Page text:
“Spy” is a James Bond genre action film with all the frenetic combat, special gadgets and exotic European locations you have come to expect from these offerings. The two huge exceptions are that our undercover superagent is plus size woman Susan Cooper, played by Melissa McCarthy, and the film is a hilarious comedy! McCarthy has been referred to as the funniest woman in the world and she certainly doesn’t disappoint here.
The basic setup is that Cooper is a highly trained CIA field agent who, because of her size and being a woman, has a career limited to sitting at a desk and feeding information to the strikingly handsome male superhero Bradley Fine (Jude Law) we would expect in such a film. When the situation offers an opportunity, events take a dramatic turn with our heroine being released upon the world to perform her nonstop hilarity and over-the-top physical feats as she vigorously confronts the minions of evil.
“Spy” includes a bit of the real-life poignancy of a person held back by society’s preconceptions. These moments of vulnerability are handled deftly by McCarthy and before things can get preachy the hilarious action wraps it all in great fun.
McCarthy has always been crashing through the stereotypes most would have for her, by refusing to assume these should have anything to do with her choices. She’s become quite a role model whether or not she intended to. She certainly can be taken seriously as a comedienne. I wouldn’t be surprised if she could handle some really serious drama. Way to go, Melissa!
It has been reported that the area of greatest increase in plastic surgery requests for the year 2014 was for derrière enhancements. This doesn’t seem terribly surprising given the amount of media attention directed at certain music, acting and reality show stars who have so much attention directed at their bottoms.
Most of what I read about body enhancements through plastic surgery leaves me with concern that people are so frequently needlessly paying good money and taking health risks to achieve goals that usually strike me as rather minor, even unnecessary, and too often completely counterproductive.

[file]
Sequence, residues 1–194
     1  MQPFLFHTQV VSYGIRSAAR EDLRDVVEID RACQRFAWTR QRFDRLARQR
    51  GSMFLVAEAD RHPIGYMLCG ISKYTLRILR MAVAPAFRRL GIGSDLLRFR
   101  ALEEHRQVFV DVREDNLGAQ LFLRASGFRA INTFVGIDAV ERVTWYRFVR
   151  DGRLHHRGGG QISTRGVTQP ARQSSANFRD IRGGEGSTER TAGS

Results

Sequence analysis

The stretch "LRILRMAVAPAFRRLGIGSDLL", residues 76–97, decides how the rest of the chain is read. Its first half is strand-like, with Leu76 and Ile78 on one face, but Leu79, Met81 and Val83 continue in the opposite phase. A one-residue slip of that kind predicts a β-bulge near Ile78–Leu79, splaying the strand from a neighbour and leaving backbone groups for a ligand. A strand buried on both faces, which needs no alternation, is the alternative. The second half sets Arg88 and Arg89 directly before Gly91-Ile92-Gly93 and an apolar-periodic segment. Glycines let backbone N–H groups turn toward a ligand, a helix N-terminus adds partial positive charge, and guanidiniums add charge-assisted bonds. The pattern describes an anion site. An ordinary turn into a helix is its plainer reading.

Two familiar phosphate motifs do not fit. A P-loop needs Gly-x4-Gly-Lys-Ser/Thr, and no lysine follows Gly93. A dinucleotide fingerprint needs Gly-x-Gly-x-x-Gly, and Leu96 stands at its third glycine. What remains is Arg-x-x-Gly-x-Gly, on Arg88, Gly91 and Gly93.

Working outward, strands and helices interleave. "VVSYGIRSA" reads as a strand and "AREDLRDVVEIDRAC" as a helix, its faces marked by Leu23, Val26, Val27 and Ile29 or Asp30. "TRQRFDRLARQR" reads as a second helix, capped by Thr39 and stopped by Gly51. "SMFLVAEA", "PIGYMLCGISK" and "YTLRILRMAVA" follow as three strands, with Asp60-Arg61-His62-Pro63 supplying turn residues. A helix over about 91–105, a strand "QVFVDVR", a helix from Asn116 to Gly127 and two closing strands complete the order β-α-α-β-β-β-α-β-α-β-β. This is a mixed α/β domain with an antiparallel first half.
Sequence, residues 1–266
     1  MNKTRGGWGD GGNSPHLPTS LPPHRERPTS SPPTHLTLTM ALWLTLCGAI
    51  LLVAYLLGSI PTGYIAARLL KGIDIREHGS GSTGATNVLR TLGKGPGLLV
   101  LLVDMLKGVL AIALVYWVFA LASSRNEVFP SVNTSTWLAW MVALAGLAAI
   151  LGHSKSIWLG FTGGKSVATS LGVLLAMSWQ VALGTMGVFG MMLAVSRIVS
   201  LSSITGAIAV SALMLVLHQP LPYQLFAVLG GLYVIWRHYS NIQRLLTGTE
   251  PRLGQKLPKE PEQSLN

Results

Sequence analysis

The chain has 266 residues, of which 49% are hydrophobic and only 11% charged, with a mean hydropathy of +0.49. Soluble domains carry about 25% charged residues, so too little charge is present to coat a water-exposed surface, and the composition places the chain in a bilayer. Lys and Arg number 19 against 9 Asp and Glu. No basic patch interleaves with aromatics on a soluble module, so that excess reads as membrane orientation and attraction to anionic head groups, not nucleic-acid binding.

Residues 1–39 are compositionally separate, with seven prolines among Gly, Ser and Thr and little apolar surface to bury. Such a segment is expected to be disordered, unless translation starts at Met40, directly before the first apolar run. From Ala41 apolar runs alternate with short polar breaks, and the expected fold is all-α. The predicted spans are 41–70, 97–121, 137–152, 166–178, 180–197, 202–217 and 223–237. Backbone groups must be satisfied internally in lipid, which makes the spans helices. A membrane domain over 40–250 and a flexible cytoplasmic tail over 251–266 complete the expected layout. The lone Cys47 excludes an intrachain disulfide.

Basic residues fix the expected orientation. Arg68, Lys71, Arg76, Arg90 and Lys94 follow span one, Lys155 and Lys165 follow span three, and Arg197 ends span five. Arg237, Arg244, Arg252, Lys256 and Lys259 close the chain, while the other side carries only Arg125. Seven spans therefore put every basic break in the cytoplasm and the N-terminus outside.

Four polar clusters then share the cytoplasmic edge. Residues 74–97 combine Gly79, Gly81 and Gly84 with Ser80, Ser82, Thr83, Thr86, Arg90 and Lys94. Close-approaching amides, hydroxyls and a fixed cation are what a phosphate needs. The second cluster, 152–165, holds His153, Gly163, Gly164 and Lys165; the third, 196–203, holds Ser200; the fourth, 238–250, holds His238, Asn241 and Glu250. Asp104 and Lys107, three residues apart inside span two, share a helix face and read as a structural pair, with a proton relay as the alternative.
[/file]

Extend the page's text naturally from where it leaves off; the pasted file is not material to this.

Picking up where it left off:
One positive note this latest news strikes in me is this increased democratization in our culture’s definition of beauty and female allure. Much has been said in the past about the unfairness of requiring women to be slender in order to be pleased with how they look. Much ink has been expended bemoaning the unfairness of making it difficult for teenage girls to be comfortable in their bodies unless they are among the minority whose genetics gift them with the tall slender appearance so long the ideal for American female beauty. This theme invariably includes strong concerns we have for the negative physical and emotional impacts of eating disorders, obesity and body dysmorphia.
Ideally our standards of physical beauty for men and for women would be broad enough so that people from a wide variety of body types could be pleased with the physical self they have to work with. After all, individually we had nothing to do with what mother nature gifted us with physically. Happiness in this area seems to come from accepting comfortably the reality of who you are physically and embracing a lifestyle that nurtures and protects the healthiest and most physically competent body you choose to live in.
Let’s hear it for the broadening of our definition of female beauty!